Android software release expands GNSS analysis tool capabilities

Android software release expands GNSS analysis tool capabilities

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Google releases GNSS Analysis app v2.5.0.0
Google releases GNSS Analysis app v2.5.0.0 with advanced processing and analysis tools for raw GNSS measurements retrieved from Android devices.

US: Google has publicly released GNSS Analysis app v2.5.0.0 with advanced processing and analysis tools for raw GNSS measurements retrieved from Android devices. The primary intent of these tools is to enable device manufacturers to see in detail how well the GNSS receivers are working in each particular device design, and thus improve the design and GNSS performance in their devices. However, with the tools publicly available, there is also significant value to the research and app developer community.

The v2.5 release builds further on capabilities first announced and made available in 2016 in Android Nougat, when the application programming interfaces (APIs) were introduced, and then updated in May 2017.  The latest iteration, announced December 1, now includes the following updates:

  • Smoothed pseudoranges.
  • Plots of positions from raw andsmoothed pseudorange.
  • Plots of measurement errors for raw andsmoothed pseudorange.
  • Saves raw and smoothed pseudoranges to derived data file.
  • Calculates and saves intersystem time biases to derived data file.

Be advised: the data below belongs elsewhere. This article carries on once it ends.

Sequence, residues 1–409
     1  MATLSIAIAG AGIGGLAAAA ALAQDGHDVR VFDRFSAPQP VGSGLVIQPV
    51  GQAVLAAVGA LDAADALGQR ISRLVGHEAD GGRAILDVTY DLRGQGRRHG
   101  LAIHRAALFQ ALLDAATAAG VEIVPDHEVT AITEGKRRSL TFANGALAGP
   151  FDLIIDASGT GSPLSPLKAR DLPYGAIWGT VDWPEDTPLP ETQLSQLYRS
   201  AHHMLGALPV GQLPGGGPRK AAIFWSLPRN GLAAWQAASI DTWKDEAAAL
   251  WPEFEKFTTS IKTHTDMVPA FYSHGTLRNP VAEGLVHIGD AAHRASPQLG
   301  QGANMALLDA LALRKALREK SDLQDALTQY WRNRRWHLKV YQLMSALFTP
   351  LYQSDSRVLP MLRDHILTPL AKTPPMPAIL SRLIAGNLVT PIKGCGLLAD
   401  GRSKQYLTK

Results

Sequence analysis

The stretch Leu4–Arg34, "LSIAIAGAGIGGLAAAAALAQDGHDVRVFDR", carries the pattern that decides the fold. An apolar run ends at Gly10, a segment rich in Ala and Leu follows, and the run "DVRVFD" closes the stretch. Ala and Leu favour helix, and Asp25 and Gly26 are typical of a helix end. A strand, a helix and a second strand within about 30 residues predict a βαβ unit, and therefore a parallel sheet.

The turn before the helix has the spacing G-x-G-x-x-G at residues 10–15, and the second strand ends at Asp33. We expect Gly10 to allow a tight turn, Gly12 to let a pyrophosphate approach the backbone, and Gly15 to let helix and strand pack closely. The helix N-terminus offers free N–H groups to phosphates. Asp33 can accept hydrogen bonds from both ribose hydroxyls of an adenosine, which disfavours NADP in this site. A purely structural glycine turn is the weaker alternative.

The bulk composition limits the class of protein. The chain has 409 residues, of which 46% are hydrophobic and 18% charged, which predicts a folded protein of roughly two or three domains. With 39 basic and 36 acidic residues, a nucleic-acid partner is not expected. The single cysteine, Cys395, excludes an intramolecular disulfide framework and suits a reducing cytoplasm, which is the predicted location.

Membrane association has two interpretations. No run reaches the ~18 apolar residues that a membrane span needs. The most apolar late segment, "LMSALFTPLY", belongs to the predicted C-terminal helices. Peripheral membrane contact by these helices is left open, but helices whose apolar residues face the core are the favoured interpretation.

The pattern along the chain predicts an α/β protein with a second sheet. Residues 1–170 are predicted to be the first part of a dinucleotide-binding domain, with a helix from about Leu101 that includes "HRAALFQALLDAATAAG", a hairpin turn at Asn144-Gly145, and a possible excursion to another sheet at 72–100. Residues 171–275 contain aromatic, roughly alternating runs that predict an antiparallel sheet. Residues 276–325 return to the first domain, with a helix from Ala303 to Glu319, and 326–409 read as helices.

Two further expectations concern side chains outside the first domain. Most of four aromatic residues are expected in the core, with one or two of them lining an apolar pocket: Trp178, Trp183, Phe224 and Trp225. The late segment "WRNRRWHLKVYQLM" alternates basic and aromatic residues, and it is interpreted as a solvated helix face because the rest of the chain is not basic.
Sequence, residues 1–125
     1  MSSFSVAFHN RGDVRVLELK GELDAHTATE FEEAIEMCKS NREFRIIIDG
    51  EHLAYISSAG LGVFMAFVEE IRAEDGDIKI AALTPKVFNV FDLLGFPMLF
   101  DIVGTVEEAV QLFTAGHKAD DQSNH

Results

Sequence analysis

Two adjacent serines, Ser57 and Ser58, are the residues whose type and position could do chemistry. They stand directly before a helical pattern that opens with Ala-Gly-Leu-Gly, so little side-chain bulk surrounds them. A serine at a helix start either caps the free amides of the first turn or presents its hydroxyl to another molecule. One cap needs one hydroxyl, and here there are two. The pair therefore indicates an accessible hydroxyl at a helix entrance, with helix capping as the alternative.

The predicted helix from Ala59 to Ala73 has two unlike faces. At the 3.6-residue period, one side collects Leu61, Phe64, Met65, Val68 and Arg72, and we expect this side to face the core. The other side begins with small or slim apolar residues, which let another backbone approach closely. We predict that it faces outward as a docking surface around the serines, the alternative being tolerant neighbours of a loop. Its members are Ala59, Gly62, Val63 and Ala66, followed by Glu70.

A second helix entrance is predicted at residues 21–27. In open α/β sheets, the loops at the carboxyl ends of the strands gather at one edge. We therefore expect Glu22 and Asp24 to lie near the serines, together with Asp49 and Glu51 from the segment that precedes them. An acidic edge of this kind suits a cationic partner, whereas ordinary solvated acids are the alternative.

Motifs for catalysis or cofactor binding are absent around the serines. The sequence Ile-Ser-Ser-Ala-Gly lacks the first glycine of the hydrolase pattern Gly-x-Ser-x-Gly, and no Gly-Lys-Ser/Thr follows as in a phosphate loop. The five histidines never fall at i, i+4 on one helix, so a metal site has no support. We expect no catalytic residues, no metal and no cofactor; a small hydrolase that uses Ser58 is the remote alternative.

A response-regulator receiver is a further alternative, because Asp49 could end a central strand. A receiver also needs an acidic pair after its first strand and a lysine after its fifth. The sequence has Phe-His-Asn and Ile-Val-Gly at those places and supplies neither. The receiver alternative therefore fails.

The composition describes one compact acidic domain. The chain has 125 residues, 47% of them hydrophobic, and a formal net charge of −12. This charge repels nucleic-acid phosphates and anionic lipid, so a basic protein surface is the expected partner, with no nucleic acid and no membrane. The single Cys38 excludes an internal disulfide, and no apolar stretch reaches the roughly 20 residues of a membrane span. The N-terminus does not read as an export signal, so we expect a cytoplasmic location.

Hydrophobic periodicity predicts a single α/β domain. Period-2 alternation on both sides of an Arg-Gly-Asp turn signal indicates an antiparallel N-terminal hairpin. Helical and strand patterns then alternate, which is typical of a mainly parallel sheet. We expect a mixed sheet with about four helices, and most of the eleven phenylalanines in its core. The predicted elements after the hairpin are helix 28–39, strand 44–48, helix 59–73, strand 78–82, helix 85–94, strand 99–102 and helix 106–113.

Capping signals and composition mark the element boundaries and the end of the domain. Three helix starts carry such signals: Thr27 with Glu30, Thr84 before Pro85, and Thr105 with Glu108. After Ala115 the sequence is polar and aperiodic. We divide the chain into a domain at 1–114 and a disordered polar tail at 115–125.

Full details, download links, user manual, and more are available at a Google developers’ blog post: GNSS Analysis Tools. The article also lists Android devices that support raw GNSS measurements. Android powers more than 2 billion devices, and Android phones are made by many different manufacturers.

In its basic and original form, the GNSS Analysis Tool is a desktop application that takes in raw the GNSS Measurements logged from the user’s Android device as input. The desktop application provides interactive plots, organized into three columns showing the behavior of the RF, clock, and measurements.

The user can see the behavior of the GNSS receiver in great detail, including receiver clock offset and drift to the order of 1 nanosecond and 1 ppb and measurement errors on a satellite-by-satellite basis. This enables sophisticated analysis at a level that was previously almost inaccessible to anyone but the chip manufacturers themselves.

The tools support multi-constellation (GPS, GLONASS, Galileo, BeiDou and QZSS) and multi-frequency. The image below shows the satellite locations for L1, L5, E1 and E5 signals tracked by a dual-frequency chip.